There’s a chasm widening between ohio public school reality and the distorted caricature of public education that is painted by too many Ohio lawmakers and politicians.
In each of Ohio’s more than 600 school districts, a community of students, parents, teachers, staff, and administrators share the goal of creating strong local public schools, where students are valued and accepted and where comprehensive and challenging courses prepare students for success.
In these communities, there are difficult conversations about how to address issues that stand in the way of achieving this common goal – unreliable school funding, oversized classrooms, lack of books and supplies, shortage of teachers and staff and resources. inadequate for students with learning difficulties. disabilities.
Instead of supporting this collaborative process, some Ohio lawmakers, including the sponsors of House Bill 327Representatives Diane Grendell and Sarah Fowler Arthurand the sponsors of House Bill 616Representatives Mike Loychik and John Schmidt, have chosen to make the public school the enemy and Pit parents against educators.
Proponents of these bills have diverted the statewide conversation oneon education policy and turned our schools into a battleground for a division culture war riddled with false claims that teachers and administrators indoctrinate students about race and gender issues.
By using these lies as justification, both bills encroach on local control of schools, interfere with the ability to provide an honest and inclusive learning environment, and distract from the real crises that need to be addressed.
Meanwhile, parents, educators and public school administrators are focused on meeting the needs of our students who have increased over the past two difficult school years. There are proven best practices for doing this.
What do children really need?
First, we must meet the needs of the child as a whole.
When students are not in good physical or mental health, or when they face food insecurity, they will not succeed academically. Schools are natural community hubs and can partner with other programs and organizations to seamlessly provide students with services that meet their health, wellness, and social emotional needs.
This approach has been incorporated into the strategic plan of the Ohio Department of Education with broad support from across the political spectrum. Dishonest attacks, enabled by the rhetoric of House Bill 327 and House Bill 616, now falsely claim that this approach is an intrusion into personal and family privacy and a misappropriation of education.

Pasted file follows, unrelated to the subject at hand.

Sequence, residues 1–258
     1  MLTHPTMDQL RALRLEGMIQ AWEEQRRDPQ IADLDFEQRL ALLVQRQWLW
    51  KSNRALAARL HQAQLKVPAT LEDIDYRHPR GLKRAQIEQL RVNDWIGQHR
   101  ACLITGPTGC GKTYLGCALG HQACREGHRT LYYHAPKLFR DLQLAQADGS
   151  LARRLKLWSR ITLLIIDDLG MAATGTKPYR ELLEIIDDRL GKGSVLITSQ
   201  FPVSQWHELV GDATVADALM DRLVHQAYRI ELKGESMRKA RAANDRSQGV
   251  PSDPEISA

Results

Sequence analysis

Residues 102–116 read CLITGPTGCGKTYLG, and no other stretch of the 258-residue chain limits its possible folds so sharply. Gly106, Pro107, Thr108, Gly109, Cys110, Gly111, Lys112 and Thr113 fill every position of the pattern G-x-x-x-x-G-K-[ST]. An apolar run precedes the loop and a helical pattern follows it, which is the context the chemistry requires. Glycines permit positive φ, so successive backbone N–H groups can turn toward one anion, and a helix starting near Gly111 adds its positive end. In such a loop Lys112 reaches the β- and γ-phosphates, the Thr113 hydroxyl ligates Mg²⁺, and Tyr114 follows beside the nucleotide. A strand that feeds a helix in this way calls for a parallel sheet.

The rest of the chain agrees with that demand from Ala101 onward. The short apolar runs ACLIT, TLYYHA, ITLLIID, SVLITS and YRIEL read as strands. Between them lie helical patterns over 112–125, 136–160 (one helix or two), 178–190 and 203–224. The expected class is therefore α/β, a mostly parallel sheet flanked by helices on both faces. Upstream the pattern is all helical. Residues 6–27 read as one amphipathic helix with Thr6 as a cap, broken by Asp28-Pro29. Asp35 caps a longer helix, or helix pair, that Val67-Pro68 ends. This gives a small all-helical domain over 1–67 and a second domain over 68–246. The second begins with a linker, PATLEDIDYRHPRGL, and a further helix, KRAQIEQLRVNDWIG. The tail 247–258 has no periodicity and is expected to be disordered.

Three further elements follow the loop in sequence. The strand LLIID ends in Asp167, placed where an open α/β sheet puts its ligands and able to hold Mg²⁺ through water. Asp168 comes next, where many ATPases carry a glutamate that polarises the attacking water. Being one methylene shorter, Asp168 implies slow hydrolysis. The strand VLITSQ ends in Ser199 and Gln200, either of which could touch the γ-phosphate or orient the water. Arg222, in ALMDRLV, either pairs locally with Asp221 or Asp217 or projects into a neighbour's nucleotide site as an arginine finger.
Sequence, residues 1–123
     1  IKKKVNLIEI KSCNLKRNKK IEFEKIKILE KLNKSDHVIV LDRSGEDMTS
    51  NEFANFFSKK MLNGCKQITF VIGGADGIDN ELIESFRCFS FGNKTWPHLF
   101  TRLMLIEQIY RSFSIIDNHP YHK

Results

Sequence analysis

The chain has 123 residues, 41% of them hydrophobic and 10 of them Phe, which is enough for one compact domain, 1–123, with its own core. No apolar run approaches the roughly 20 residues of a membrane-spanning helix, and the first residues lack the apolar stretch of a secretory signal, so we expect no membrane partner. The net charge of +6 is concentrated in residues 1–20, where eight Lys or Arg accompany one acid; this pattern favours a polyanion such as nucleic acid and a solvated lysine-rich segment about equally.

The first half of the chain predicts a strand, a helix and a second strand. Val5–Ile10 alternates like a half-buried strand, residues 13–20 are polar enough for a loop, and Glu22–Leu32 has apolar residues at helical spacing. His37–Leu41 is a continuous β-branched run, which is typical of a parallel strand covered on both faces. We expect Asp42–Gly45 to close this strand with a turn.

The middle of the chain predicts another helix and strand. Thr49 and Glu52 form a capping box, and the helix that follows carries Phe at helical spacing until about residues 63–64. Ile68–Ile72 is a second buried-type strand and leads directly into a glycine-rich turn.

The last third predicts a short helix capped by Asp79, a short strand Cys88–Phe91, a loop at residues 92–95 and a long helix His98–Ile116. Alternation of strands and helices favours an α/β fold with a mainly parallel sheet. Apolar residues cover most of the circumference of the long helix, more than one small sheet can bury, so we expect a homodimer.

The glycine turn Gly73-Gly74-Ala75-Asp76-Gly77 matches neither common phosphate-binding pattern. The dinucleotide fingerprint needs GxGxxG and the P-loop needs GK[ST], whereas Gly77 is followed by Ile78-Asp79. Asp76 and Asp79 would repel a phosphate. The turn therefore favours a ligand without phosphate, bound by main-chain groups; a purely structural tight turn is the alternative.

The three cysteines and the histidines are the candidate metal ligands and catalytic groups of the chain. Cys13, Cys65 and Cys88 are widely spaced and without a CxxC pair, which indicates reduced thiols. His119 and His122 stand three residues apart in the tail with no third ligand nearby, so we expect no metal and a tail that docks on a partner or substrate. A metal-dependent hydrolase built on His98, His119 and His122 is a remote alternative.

Second, we need to create learning conditions that engage students, including small class sizes and a wide selection of music, art, STEMlanguage and other electives.
However, the inability of the legislator to adopt a school funding formula has made it difficult for school districts to make long-term investments in these areas.
Third, we must prepare students for success after graduation by dedicating resources to all academic options, including professional and technical development.
In order to keep our young people in Ohio after graduation, we need to make it a welcoming and inclusive state. Legislation that marginalizes students and makes families feel unwelcome will have a detrimental effect on Ohio’s ability to compete for the workforce necessary for new businesses to thrive.
Even the Ohio Chamber of Commerce has pronounced against Bill 616.
Finally, we need experienced and quality educators and staff to make this vision a reality.
People choose to work in a school system because they want to serve their community and help students succeed, but that choice becomes more difficult when they are attacked daily by decision-makers who ignore the real needs of students and instead sow division.
This creates a teacher shortage and support staff as people are leaving the system earlier as fewer young people choose this career option.
The divisive attempts to attack students and teachers in House Bills 616 and 327 are already creating damage in our schools by delaying the work we need to do to ensure that all Ohio students can to succeed. These bills must be stopped.
Georgetown resident Melissa Cropper is a library media specialist and president of the Ohio Federation of Teachers. The OFT represents 20,000 active and retired members across the state, including public school educators and support staff, higher education faculty and support staff, and public sector employees.